“Mother Road” at the Oregon Shakespeare Festival

World Premiere

by Octavio Solis
directed by Bill Rauch

Ashland, OR
at the Oregon Shakespeare Festival

Mark Murphey (William Joad), Tony Sancho (Martín Jodes). Photo by Jenny Graham.
Mark Murphey (William Joad), Tony Sancho (Martín Jodes)
Photo by Jenny Graham, Oregon Shakespeare Festival.

My subconscious has delayed my writing comments about Ashland’s Mother Road. I saw it opening night in early March, but I haven’t felt like it was time to write about the play. Not when I first saw it. Not when I got back home and had a chance to think about it. Not ever.

The problem is that I want to construct an enthusiastic collection of comments that matches the applause the audience — including me — gave opening night. And, I can’t. The importance of the story, the crafts, and the acting are all wonderful. But, the sum of the parts is greater than the whole.

The Ensemble of Mother Road. Photo by Jenny Graham, Oregon Shakespeare Festival.
The Ensemble of Mother Road
Photo by Jenny Graham, OSF.
Click on the photo for a larger version

The play does a reverse trip across “Mother Road”, Route 66, from the one John Steinbeck wrote about in 1939. This 80-years-later family story migrates the last surviving Joad back from California to the homestead in Oklahoma.

The Last of the Joads is Martin Jodes (Tony Sancho) whose Oklahoma ancestors wound up marrying into a Hispanic family and changing the spelling of their surname.

The play starts off with the penultimate Joad, William, (Mark Murphey) arriving in California from Oklahoma to meet Martin who has been identified by William’s attorney (Jeffrey King) as the family’s only living heir. White, white William has to be reassured by his attorney that DNA itself has confirmed the certainty of brown Martin’s kinship.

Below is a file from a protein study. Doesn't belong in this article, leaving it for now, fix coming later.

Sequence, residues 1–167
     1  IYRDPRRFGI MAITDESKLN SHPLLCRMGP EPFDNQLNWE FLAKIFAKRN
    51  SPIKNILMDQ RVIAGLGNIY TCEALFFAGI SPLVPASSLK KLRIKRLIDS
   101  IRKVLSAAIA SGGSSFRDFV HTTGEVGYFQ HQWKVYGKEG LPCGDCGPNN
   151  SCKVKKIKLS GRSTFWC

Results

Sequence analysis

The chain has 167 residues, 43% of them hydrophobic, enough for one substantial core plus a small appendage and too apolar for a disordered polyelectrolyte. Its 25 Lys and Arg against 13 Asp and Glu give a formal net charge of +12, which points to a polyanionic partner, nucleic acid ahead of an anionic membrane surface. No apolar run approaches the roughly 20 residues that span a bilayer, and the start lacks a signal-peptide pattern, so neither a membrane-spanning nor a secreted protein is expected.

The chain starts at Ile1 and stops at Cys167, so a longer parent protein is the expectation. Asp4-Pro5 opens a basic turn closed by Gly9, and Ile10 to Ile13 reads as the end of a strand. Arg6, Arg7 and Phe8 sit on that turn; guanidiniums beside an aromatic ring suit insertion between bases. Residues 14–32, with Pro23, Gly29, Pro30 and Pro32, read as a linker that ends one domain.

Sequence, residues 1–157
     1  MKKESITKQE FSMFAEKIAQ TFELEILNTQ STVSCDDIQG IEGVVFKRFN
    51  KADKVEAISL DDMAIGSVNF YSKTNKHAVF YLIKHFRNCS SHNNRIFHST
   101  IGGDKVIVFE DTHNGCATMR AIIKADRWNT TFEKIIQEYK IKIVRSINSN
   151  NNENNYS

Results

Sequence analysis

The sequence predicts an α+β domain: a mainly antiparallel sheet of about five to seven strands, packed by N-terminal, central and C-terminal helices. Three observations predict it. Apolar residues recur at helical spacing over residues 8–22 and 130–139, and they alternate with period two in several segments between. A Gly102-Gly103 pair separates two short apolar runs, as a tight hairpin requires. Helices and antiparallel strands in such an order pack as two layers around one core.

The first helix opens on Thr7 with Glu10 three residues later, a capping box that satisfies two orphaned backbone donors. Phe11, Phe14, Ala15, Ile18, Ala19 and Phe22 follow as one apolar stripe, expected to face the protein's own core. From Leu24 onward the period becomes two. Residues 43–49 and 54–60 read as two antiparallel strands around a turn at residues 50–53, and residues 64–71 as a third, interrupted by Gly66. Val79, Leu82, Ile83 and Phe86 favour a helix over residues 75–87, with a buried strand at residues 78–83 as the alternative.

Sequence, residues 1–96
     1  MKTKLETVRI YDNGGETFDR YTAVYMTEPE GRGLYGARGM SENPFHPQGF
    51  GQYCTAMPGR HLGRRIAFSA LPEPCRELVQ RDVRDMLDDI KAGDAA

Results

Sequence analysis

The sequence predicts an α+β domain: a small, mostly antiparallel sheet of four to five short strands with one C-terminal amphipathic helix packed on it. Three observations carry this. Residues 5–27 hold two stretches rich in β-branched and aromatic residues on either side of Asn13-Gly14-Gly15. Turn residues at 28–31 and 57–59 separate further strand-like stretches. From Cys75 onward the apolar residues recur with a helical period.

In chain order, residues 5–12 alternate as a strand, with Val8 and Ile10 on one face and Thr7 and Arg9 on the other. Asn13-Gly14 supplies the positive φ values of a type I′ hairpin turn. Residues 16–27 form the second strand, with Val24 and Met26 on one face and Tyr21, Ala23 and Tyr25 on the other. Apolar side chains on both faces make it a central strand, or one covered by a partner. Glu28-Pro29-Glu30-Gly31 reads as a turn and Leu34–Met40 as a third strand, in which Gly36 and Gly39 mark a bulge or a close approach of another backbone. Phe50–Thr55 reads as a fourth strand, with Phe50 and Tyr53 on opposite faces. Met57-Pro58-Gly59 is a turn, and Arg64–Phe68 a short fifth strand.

William is old and ill, and had set his lawyer on the quest to find a relative so that William could fulfill his promise to his mother that he’d keep the now-considerable Oklahoma farm in the biological family. William and Martin don’t exactly hit it off, but William persuades Martin to come back to the farm so he can take it over when William dies.

Tony Sancho (Martín Jodes) abd Mark Murphey (William Joad), Photo by Jenny Graham, Oregon Shakespeare Festival.
Tony Sancho (Martín Jodes) and Mark Murphey (William Joad)
Photo by Jenny Graham, Oregon Shakespeare Festival.

William and Martin start driving back to Oklahoma. We spend the rest of 2 1/2+ hours learning more about our two principals, meeting important people in Martin’s and William’s lives, adding some/most of these people to the car trip, and journeying back to OK.

We are treated to some truly great scenes between Murphey and Sancho. Murphey’s cranky Okie fits, and reminded me that Murphey was also perfect as Cassius. And, as the story goes on, he mellows and deepens in front of our eyes. His flashback interaction with his mother was brilliant.

Sancho is even richer in his scenes. He not only plays off Murphey, but also shines in revelatory moments with his friends and when acting out against injustice.

Tony Sancho (Martín Jodes), Amy Lizardo (Mo), Mark Murphey (William Joad), Cedric Lamar (James). Photo by Jenny Graham, Oregon Shakespeare Festival.
Tony Sancho (Martín Jodes), Amy Lizardo (Mo), Mark Murphey (William Joad),
Cedric Lamar (James). Photo by Jenny Graham, Oregon Shakespeare Festival.

I feel like I should single out each actor for applause. In addition to the cast already mentioned, Cedric Lamar, Armando Durán, Catherine Castellanos, Amy Lizardo, Caro Zeller, and Fidel Gomez deserve raves. The actors were flawless.

Christopher Acebo’s set was simple, non-distracting, and appropriate. Perfect. The same kudos to Projection Designer Kaitlyn Pietras, Lighting Designer Pablo Santiago, and Composer and Sound Designer Paul James Prendergast.

All wonderful.

But, folks! There isn’t a moment when you even suspect an ending different from the one that shows up on stage.

The additional characters and stories are interesting and enriching, but not surprising or threatening or changing. If I was more literate, I suspect that some/all of them might mirror parts of Steinbeck. That would make them even more inventive/deep/something.

But, as good as the storytelling craft is — and it’s very good! — Mother Road doesn’t get me to connect. It feels a bit too structured, and a bit too pat.

Ozdachs rating:
4 out of 5 Syntaxes

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